Venture inland from Spain's tawdry Costa del Sol and discover a land of terraced olive groves, Moorish ruins and white villages steeped in history, writes Adam McCulloch
Its very name evokes an era of scimitars, steeds and Saharan royalty. When North African Muslims ruled southern Spain in the mid-1300s the Alhambra was a city unto itself. Part palace, part fortress, the enormous edifice at the heart of bustling Granada incorporates 23 towers, two kilometres of original walls and sprawling manicured gardens. It's the largest surviving Muslim palace in the world - and the detailed stucco, marble, inlaid wood and exquisite mosaics are as well preserved today as when it was built about 1350, with water features weaving their way underfoot. Allow two days: one to roam the grounds and another to visit the ticketed highlights such as Palacio Nazaries, Jardines del Partal and the fortified Alcazaba. Buy tickets online (www.alhambratickets.com) to avoid lengthy queues.
Lashed to the rocky outcrop at the point where the Mediterranean clashes with the Atlantic is the frequently overlooked port city of Cadiz. Founded by Phoenicians in 1100BC, it's a labyrinth of adorable streets and open squares. Many of the houses are now being restored as smart boutiques, tapas bars and ice-cream shops. Grab a cone of zesty lemon and follow your nose to Plaza de Topete (know locally as the square with the flowers markets). In spring a Rio-style carnival heralds 10 days of revelry, with singing, drinking and an almost mandatory uniform of fancy dress.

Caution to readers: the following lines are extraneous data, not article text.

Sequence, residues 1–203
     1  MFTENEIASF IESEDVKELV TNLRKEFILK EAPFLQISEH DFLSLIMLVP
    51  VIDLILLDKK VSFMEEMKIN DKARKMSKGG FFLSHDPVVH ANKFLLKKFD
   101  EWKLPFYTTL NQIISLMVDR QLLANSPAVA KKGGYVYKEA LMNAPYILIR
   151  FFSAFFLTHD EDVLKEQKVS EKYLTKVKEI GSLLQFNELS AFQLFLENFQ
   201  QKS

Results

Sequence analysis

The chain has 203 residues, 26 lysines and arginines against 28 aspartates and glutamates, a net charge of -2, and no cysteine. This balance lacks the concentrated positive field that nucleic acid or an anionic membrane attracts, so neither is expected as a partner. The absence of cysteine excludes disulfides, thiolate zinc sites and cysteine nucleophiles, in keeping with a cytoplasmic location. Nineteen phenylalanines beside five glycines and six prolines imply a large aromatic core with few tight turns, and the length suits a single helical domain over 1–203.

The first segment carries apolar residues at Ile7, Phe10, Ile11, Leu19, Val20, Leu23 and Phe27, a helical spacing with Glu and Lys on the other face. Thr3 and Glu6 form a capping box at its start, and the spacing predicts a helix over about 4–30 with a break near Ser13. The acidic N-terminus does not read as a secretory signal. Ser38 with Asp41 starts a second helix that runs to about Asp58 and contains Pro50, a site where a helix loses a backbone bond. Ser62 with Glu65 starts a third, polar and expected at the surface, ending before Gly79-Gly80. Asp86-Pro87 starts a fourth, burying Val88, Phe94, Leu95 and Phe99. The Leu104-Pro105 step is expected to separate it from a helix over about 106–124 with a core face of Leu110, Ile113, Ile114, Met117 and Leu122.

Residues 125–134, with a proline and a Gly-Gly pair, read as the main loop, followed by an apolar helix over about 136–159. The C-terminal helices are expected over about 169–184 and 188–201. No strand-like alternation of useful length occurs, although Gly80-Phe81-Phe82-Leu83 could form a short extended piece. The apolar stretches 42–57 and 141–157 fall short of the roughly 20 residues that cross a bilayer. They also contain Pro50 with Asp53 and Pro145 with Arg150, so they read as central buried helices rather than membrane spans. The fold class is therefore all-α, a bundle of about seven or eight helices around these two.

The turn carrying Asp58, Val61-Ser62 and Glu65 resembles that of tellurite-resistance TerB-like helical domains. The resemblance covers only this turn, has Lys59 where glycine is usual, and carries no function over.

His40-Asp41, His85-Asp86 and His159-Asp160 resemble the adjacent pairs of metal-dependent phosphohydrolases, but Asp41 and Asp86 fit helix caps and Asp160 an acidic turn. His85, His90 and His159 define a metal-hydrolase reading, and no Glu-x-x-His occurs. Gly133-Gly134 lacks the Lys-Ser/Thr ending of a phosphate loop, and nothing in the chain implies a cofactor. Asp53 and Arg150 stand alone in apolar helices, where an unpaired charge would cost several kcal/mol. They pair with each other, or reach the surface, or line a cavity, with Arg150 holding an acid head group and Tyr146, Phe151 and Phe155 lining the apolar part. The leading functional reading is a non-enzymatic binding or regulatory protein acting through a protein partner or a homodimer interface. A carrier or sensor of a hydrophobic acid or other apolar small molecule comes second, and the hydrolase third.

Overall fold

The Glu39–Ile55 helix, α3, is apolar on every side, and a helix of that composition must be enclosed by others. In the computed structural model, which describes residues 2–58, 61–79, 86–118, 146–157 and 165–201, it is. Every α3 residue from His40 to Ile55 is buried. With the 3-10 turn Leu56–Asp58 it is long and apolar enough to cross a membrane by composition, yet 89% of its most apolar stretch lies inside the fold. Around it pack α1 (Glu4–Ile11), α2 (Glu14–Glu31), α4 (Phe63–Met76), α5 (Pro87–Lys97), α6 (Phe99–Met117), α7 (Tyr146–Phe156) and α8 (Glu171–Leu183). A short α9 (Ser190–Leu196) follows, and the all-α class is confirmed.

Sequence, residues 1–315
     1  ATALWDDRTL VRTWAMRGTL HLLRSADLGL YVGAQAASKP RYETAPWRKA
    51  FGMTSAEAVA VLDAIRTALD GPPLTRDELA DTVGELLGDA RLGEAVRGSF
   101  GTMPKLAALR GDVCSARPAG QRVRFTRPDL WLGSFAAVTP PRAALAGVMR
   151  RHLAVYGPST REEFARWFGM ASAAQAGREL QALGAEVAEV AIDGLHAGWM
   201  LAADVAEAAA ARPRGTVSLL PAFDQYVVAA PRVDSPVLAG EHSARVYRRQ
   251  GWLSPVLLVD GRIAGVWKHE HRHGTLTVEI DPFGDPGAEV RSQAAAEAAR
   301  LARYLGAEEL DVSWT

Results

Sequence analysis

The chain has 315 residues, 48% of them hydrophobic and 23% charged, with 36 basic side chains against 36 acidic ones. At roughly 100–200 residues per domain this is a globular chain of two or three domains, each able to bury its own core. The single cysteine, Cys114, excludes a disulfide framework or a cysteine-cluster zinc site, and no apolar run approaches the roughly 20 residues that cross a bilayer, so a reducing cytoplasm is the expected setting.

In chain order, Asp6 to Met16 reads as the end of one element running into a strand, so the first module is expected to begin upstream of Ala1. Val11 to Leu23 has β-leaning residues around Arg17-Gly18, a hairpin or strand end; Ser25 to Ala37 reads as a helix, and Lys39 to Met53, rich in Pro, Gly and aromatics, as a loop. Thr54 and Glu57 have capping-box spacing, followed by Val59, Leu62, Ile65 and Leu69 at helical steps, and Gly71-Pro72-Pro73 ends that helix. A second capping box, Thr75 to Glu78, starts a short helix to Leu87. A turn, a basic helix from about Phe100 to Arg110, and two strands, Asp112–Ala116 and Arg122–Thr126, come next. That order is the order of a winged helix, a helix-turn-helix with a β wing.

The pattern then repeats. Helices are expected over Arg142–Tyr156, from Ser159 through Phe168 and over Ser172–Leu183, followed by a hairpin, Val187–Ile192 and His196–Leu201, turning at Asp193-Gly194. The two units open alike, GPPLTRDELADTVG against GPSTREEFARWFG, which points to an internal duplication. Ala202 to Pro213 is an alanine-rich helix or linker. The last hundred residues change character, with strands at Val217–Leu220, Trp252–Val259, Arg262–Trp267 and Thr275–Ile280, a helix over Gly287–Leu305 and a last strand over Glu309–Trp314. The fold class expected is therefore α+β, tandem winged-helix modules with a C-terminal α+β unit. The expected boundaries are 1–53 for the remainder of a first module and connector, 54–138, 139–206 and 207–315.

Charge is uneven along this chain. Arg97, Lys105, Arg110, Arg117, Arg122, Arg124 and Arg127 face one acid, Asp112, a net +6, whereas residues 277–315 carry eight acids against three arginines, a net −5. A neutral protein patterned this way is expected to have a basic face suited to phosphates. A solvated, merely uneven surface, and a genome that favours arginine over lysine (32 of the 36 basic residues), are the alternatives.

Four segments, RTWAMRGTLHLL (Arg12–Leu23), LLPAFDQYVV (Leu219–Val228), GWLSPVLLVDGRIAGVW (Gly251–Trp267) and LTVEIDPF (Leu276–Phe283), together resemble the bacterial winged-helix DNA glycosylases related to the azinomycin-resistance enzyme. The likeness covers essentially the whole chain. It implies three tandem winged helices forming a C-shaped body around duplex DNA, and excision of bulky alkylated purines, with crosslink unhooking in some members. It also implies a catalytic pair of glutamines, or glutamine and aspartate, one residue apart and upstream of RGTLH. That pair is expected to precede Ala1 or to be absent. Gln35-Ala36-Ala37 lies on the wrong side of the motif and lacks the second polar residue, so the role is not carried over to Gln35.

Even if Granada hadn't been blessed with the Alhambra it would still rate as one of Andalucia's must-see cities. Watch guitar-makers in front of crumbling shopfronts along Cuesta de Gomerez craft womanly curves from delicate timber. It's no tourist gimmick either - the guitar was invented in Andalucia. One of the most reputable craftsmen is Manuel Bellido, who can be found on Calle Molinos. Other regional specialities are leather, blankets and home furnishings decorated with lacquer inlaid with mother of pearl and silver.
As the name suggests, the town of Antequera is indeed antique, having been inhabited for more than 5,000 years. In the bustling streetscape are Roman baths, Gothic churches, a Moorish castle and millennia-old stone burial mounds. The largest is called Cueva de la Menga, where hundreds of skeletons were found. But it's just out of the city that the landscape takes on a truly surreal flavour. El Torcal National Park in the nearby foothills has been sculpted by winds for thousands of years. The result is a spooky landscape of limestone turrets, ridges and wormholes. Further afield, the equally unusual pink lagoon is a favourite stopover for migrating flamingos.